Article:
Together, let us pray to continue to work to respect all life

NOTE: The following letter was published in the February 9, 2017 edition of The Catholic Spirit, the official newspaper of the Diocese of Metuchen.

At Christmas one of the most faith-filled scenes that can be found in homes, churches, and communities throughout the world is the Nativity, a reminder that Christmas should be centered on the birth of Christ and Christ should be the center of our lives.
  It was St. Francis of Assisi, for whom our cathedral is named, who is credited with having created the first Nativity scene. He had a deep devotion to the Infant Jesus and on Christmas eve 1223 re-created the first live Nativity scene in a cave outside the town of Greccio, Italy. 
What St. Francis wanted to do was to help people see with their bodily eyes what Jesus' original coming was like. He wanted people to realize that the Babe of Bethlehem, the name he called the Infant Jesus, was born in poverty, humility and simplicity. So, with the help of a friend and landowner, Giovanni Velita, St. Francis constructed a manger, filled it with hay, and brought in an ox and donkey from a local farm. Then, he and his Franciscan brothers invited all the townspeople to come to the manger on Christmas eve. That night, they lit candles, sang songs and then had Mass at the manger he had built - and St. Francis, since he was a deacon, sang the Gospel of Christ's birth, and he preached about the birth of the poor king, born in Bethlehem, in a manger, like the one they were standing in.  Contrary to our custom and popular belief, St. Francis used no statues of Jesus or Mary or the baby Jesus - nor did he recruit live actors to play those parts; he used no shepherds or angels or wise men, nor kings.  
St. Francis' friend, Thomas of Celana, wrote in his journal that Christmas eve before going to bed, "Greccio was transformed into a second Bethlehem, and that night, wonderful night, seemed like the fullest day to both man and beast for the joy they felt at the renewing of the mystery...."  Having lived in Rome for almost 20 years, Greccio was a place I enjoyed visiting, and it gratefully maintains that spiritual atmosphere to this day. 
Today, 800 years later, the Nativity lives on not only in Grecco but around the world, and it often can be the one thing which touches our hearts most at Christmas. At live Nativity plays and scenes, not only children but adults can be awestruck as they are transported back to the see and feel, the birth of the Babe of Bethlehem. In Catholic schools and churches children's Christmas pageants, with their simplicity and innocence, can bring people to tears as it reminds them of the true meaning of Christmas.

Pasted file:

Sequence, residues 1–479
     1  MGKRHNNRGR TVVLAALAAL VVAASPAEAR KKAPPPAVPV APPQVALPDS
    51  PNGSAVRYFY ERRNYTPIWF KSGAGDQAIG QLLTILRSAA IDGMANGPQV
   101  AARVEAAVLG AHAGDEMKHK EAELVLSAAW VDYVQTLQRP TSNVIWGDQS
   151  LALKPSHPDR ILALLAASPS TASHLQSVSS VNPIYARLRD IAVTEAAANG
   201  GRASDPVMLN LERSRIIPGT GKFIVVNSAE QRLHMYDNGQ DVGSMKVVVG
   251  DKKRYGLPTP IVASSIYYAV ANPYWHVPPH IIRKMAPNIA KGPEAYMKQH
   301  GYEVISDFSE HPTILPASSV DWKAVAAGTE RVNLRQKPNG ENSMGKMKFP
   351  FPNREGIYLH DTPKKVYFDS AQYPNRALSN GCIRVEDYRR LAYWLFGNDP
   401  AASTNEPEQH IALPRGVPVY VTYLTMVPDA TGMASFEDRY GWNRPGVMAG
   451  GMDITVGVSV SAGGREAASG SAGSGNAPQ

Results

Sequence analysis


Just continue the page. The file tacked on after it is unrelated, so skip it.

In homes everywhere families carry out the tradition of setting up their Nativity with the Blessed Mother, St. Joseph, shepherds, ox and donkey. In Rome, on the third Sunday of Advent, there is a beautiful tradition that the children of Rome bring the "bambinelli" (baby Jesus from their Nativity scenes) to St. Peter's Square for the Holy Father to bless them.  It is a sea of bambinelli, and a beautiful sight.  The Roman children then place the Infant Jesus in the manager in their homes on Christmas eve. 
Yes, I'm sure we all have our memories of how the Nativity has had an impact on our life. I have my memories of Greccio and the third Sunday of Advent blessings by the Holy Father, and another one which occurred when I arrived in Rome as a seminarian. One of the first things we did was to go out to visit the Catacombs of Santa Priscilla on the Via Salaria. In there is a fresco from the 200's. It is of the Blessed Mother with the infant Jesus resting His head on her. There is a man standing next to her and he is pointing upward to a star which for the Jewish people is a symbol for the Messiah. The fresco is the earliest representation that we have of the Blessed Mother. It also tells the story of the mystery of the incarnation, of Mary becoming the mother of our Savior, and the fulfillment of the Divine promise for a Messiah.
I remember being struck that the fresco was the oldest image of Our Lady. I thought, too, about the people in the third century who were here in this catacomb painting this picture to commemorate our faith. I remember thinking how blessed we are to celebrate Christmas in freedom, even though in many places throughout the world Christians are not allowed to do so. Indeed, many refugees today are from places where they are persecuted for being Christians. 
Pope Francis talked about the symbolism of the Nativity scene just last Friday when he thanked the donors of this year's Vatican Christmas tree which was lit and Nativity scene unveiled on Dec. 9, in St. Peter's Square. He said that the Nativity scene "set up in churches, in homes and in so many public places are an invitation to make room in our life and in society for God, hidden in the face of many persons who are in conditions of hardship, of poverty and of tribulation."